This new version of my sound reactive pendant has a much more beautiful case design and richer colors while maintaining an impressive 4,000 frames per second. It has an adjustable sensitivity so it looks great reacting to sound from your phone or while you’re hugging a giant speaker at a concert. It also has a slow calming mode that cycles through the colors and looks great even when there’s no music playing.
This sculpture pulses slowly and smoothly, mostly in shades of blue. Gesture your hands above it to direct the colors to change.
Hyperboloid Sculpture – Dictaphone’s Lament from Tim Gerrits on Vimeo.
This 3d printed sculpture casts beautiful shadows when lit from the inside with leds.
The sculpture reacts in real time to music in the following videos:
Hyperboloid Sculpture – Altitude from Tim Gerrits on Vimeo.
Hyperboloid Sculpture – San Solomon from Tim Gerrits on Vimeo.
The next video is at normal speed, 30 fps. The one below it is displayed in slow motion, 240 fps, so you can see the fast, detailed response to the music. 9 seconds of the same song expands to 47 in the second video. The lights update 3,000 times per second and display in full 24bit color (16 million colors).
Hyperboloid Sculpture – Tulips – Normal Speed from Tim Gerrits on Vimeo.
Hyperboloid Sculpture – Tulips – Slo Mo from Tim Gerrits on Vimeo.
This glowing pendant reacts to sound, creating a dynamic light show. A video is below, but it can’t show all the detail. The pendant reads the audio levels and updates 3,000 times per second while the video is only at 30 fps. All this in full 24 bit color. An advantage of using LEDs instead of screens is they can update so much faster. No screen you’re looking at can convey the vividness of this light display. You must see it in person.
Sound Reactive Pendant from Doteki on Vimeo.
LED Poi draw beautiful patterns as you spin them around. Sensors in the poi change the light based on how they are moved creating a dynamic and unique performance.
Here is a close-up of the latest prototype
Electronic firefly automata self-organize into synchronized flashing swarm
Certain species of fireflies will synchronize their flashing in the wild. They do this by watching their neighbors and changing their own pattern to converge on what they see. This is an incredible effect to see in nature especially since there is no leader, they self-organize. They flock in time like birds and fish do in space.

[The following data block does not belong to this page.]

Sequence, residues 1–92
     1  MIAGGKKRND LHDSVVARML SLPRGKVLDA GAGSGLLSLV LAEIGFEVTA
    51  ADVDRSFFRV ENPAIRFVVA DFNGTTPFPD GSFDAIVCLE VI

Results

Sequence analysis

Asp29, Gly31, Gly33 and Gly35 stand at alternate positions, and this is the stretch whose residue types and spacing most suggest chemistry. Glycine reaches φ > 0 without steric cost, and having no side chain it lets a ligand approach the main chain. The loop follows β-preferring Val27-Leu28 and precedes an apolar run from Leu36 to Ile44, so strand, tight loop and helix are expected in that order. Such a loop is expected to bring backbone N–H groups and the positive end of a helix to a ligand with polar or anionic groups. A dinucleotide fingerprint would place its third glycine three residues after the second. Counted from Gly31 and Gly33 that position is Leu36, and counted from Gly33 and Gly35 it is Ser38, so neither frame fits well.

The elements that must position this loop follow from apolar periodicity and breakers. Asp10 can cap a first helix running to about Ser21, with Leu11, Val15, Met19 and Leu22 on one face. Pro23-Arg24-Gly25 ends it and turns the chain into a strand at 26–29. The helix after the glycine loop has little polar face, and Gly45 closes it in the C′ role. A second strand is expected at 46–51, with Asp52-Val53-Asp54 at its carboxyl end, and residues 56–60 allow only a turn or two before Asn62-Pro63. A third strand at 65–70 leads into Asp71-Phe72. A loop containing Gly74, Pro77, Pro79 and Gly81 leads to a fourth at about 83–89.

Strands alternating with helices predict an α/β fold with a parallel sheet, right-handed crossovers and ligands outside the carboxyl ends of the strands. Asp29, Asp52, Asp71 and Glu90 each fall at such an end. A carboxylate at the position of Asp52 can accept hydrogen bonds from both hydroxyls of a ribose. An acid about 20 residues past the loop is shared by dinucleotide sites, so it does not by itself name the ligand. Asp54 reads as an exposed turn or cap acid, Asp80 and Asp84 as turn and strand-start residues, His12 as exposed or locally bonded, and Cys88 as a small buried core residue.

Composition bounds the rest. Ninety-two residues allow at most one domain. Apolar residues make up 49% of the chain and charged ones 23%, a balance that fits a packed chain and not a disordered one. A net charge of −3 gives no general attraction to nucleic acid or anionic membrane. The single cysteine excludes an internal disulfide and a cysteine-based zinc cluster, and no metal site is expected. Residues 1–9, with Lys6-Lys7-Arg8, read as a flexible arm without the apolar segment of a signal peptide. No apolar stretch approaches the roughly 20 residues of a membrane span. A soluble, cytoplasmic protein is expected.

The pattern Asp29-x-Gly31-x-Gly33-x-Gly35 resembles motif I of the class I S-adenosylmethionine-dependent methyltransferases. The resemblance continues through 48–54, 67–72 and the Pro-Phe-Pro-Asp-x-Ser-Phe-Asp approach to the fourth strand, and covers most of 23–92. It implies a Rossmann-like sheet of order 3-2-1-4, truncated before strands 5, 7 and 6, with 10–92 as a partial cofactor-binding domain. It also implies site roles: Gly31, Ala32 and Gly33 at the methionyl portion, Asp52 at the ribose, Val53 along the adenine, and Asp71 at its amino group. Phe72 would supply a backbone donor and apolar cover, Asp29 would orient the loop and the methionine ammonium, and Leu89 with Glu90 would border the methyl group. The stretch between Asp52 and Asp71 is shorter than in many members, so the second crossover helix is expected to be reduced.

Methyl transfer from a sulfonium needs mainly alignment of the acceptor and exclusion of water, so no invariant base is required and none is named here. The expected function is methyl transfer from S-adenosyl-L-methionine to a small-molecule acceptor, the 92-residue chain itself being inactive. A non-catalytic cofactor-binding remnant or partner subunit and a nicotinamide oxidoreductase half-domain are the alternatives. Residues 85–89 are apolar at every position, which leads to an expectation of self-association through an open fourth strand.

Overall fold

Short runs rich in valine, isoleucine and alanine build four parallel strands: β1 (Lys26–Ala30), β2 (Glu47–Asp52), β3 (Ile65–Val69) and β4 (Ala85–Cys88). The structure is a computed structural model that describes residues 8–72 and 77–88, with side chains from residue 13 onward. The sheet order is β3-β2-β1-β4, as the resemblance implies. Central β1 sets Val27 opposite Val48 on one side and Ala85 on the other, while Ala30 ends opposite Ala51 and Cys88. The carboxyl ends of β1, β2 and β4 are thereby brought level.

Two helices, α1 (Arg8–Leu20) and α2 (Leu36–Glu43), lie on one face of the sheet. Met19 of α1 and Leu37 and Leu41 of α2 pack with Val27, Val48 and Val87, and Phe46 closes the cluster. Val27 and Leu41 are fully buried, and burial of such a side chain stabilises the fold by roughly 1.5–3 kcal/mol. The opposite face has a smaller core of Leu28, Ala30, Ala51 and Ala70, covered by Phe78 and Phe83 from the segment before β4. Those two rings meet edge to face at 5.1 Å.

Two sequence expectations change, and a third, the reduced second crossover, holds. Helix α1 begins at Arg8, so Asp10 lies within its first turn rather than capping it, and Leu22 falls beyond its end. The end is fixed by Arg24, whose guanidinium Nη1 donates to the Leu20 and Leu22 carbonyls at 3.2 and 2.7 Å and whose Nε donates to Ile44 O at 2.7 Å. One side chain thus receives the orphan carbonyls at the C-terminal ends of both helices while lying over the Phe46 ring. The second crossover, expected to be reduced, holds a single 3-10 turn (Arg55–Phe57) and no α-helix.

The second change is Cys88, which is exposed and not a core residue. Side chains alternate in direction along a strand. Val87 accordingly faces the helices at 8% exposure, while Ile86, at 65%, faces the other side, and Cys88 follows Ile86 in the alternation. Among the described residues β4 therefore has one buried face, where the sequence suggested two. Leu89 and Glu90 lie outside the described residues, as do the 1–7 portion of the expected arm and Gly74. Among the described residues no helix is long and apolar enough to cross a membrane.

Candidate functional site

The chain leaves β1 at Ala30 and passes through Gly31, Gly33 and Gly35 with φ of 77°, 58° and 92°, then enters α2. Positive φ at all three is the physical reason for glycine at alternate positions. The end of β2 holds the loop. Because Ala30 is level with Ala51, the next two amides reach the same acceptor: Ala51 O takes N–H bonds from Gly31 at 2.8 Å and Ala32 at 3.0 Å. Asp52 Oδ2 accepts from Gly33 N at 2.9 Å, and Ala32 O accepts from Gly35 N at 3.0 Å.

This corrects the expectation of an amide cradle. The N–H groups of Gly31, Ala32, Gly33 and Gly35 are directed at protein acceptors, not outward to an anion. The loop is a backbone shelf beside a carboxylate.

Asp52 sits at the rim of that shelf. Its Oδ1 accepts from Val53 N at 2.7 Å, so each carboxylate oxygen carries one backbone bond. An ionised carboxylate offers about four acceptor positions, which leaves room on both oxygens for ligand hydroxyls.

This project aims to recreate this emergent behavior with a group of electronic fireflies. Each one is small enough to be pinned to a shirt like a brooch or a badge. It pulses its pattern on a green LED, broadcasts its timing on an IR LED, listens for others with an IR sensor and converges toward them. A small swarm will synchronize up in a minute or two as they come within visual range of each other, about 10m.
Now imagine dozens of these, worn by visitors as they move around a space, constantly converging on each other, being stirred up by new visitors as they approach each other. They work outdoors or indoors, in light or dark, but are obviously more dramatic in the dark.
The brains of the project is an Arduino micro controller, and the code will be open-source as well as the hardware. I will make the circuit board and cad files for the case available as well.
A swarm of synchronizing fireflies is cool enough on its own, but adding an RGB LED has made subsequent versions of this project into a more general purpose art platform. Color cycles through the rainbow can be synchronized rather than just flashes. They can be programmed to follow each other rather than match each other. They can broadcast their color along with their timing so that colors seem to pass around between them or converge on each other. All behaving independently as cellular automata, creating an emergent behavior as a group.
An exciting project, 5 robots for the play Heddatron, showed May 18 – June 9, 2012 at the Stray Cat Theatre in Tempe, AZ.
We designed and build these custom robot characters: [from left to right] Julie, Berta, Hans, Brack, and Billy. They drove around the stage, lit up to talk, and shook with excitement as their human operators executed complex choreography with them.
They were all custom designed and built in a month, making it through 14 performances without a malfunction.
Feel free to contact me with any inquiries about the design process, or if you want a set of robots of your own.
See what the press has been saying about this performance:
Arizona Republic: “5/18 – 6/9: Stray Cat’s ‘Heddatron’ star kidnapped by robots” by Kerry Lengel, 5/12/2012
New Times: “Best Performance by a Robot in a Supporting Role” 9/27/12
New Times: “Stray Cat Theatre’s Heddatron — I, for one, welcome our new mecha overlords” by Julie Peterson, 5/31/2012
Arizona Republic: “To 6/9: Stray Cat Theatre’s ‘Heddatron’ is a bewildering ride” by Kerry Lengel, 5/22/2012
Social media buzz for Heddatron